Traditional crop-livestock systems integrate indigenous livestock with other subsistence farm enterprises, particularly traditional crop agriculture. The population of cattle in these systems in Kenya was estimated at approximately 5 million [4]. These systems are characterized by variable population immunity to T. parva, probably due to the periodic and varying environmental and climatic suitability for the survival and development of the vector. This situation exists in much of the highland areas of Kenya in which zebu cattle are maintained, as well as the Lake Victoria Basin (in parts of both Nyanza and Western provinces) and the Kenyan coastal strip (in Coast Province) (Figure 2) (all mainly in zones III and IV (Figure 1)).
Figure 2

Map of Kenya illustrating Kenya provinces.

Table 1 shows prevalence and incidence reports and the associated epidemiological factors in traditional crop-livestock systems. Moderate to high antibody prevalence (50 to >70%) and incidence (20 to >50%) levels were reported, accompanied by moderate case-fatality rates (3 to 20%). Variations in prevalence and incidence were assumed to be associated with differences in ecological suitability for the vector across an area, different farm management practices within an area or production system, breed, grazing system, tick control regime and rainfall (Table 1) [618].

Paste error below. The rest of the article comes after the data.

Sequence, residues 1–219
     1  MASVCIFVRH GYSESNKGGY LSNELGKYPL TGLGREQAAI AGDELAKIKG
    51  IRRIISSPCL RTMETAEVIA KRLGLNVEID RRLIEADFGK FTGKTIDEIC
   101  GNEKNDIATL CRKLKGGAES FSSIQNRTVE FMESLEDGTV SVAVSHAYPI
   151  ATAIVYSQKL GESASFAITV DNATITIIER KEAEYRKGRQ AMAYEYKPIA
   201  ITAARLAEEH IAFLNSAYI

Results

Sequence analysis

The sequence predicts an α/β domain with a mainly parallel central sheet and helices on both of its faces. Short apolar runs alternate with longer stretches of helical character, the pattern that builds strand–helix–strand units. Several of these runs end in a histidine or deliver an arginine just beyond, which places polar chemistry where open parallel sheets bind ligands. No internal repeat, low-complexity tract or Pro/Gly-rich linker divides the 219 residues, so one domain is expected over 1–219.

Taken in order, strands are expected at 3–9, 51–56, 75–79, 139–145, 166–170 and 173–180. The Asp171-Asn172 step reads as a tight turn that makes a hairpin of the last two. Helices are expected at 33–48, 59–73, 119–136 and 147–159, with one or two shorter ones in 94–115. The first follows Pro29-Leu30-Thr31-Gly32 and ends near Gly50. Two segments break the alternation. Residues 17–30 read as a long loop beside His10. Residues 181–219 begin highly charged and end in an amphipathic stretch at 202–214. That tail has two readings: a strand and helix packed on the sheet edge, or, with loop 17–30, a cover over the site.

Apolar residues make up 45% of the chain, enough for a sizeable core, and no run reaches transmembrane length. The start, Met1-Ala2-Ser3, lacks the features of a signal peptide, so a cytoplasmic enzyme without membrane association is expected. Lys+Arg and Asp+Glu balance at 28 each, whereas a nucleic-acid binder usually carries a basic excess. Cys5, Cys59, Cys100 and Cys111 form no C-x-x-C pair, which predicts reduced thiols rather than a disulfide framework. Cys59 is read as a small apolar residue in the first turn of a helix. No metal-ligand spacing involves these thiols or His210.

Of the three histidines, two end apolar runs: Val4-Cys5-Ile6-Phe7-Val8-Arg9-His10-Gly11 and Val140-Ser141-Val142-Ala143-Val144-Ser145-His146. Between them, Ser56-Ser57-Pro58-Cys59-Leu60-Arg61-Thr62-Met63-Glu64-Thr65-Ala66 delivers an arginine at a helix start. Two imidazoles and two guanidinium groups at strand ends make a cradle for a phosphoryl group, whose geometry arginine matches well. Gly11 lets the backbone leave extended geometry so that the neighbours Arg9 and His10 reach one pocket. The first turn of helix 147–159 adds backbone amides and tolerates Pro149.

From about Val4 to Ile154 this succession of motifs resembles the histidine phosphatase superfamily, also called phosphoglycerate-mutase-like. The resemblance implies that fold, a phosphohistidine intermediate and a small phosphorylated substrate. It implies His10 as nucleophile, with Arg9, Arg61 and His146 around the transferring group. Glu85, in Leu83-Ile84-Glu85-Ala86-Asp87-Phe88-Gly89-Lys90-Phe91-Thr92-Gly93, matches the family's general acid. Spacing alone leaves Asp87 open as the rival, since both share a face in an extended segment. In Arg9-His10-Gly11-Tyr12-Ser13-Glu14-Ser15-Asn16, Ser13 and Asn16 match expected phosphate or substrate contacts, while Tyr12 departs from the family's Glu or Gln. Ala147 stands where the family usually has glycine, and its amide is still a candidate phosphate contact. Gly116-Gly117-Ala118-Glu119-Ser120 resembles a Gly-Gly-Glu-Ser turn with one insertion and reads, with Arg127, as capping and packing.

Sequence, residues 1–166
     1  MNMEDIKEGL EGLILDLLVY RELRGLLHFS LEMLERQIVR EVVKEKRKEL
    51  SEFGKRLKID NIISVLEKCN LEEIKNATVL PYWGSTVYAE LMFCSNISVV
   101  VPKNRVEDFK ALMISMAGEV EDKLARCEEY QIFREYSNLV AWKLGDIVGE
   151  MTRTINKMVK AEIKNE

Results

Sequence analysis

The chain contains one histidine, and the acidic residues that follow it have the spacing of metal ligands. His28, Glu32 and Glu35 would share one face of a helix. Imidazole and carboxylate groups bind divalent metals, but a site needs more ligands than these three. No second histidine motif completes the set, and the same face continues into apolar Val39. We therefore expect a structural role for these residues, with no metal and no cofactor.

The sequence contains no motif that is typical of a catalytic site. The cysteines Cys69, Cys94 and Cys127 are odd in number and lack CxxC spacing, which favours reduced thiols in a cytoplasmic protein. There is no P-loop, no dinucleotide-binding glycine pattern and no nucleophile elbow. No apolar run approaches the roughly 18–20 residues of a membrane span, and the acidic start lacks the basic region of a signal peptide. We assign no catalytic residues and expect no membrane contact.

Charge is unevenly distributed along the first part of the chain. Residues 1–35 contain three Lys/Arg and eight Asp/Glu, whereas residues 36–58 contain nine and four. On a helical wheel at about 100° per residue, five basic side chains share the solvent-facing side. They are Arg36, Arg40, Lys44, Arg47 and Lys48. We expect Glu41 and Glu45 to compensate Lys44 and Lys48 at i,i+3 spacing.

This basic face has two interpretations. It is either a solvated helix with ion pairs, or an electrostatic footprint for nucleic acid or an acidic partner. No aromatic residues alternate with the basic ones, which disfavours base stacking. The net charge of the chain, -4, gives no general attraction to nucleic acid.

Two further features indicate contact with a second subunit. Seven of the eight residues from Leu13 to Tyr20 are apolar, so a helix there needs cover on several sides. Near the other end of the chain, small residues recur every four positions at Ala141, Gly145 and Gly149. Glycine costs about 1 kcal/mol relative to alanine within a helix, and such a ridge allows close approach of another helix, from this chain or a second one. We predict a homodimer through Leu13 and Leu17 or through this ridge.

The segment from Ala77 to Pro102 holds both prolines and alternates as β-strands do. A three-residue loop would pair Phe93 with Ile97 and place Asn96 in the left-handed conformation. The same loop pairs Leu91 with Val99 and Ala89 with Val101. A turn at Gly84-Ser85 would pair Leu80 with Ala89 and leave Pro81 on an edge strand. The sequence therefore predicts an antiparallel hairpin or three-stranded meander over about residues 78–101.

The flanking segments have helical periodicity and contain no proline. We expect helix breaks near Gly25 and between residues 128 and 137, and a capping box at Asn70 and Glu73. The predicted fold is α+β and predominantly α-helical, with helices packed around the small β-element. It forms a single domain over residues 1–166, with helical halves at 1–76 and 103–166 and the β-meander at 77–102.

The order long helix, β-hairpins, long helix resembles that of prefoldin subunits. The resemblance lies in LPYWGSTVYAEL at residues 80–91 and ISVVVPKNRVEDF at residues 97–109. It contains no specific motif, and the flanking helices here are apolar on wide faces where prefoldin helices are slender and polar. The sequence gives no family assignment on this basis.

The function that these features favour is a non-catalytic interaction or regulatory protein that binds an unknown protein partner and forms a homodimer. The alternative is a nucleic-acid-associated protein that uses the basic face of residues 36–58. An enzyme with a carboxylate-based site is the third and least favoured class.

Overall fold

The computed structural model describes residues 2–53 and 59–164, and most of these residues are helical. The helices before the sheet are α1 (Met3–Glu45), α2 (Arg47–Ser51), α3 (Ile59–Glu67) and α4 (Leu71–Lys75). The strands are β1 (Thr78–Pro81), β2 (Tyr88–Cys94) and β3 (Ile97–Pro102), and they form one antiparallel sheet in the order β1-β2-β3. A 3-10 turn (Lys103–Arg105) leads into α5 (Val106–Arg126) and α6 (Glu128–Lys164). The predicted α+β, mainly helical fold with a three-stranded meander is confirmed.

Table 1

ECF prevalence, incidence and case-fatality rates from studies conducted in traditional crop-livestock and livestock-dependent systems in Kenya

Region/Province

District

Prevalence (cattle ages sampled)

Annual incidence rate

Case-fatality rates

Epidemiological factors

References

Lake Victoria basin/ Nyanza region

Rusinga island

>70%

NA

NA

Region very suitable for the tick vector

[6]

 

Rusinga island

NA

22%

21%

 

[7]

 

Kisumu, Siaya and Bondo

60% (4–18 months)

NA

NA

 

[8]

Coastal lowlands/ Coast

Kaloleni/Kilifi

22% - 85% (4–18 months)

NA

NA

Region very suitable for the tick vector

[9]

Western Kenya highlands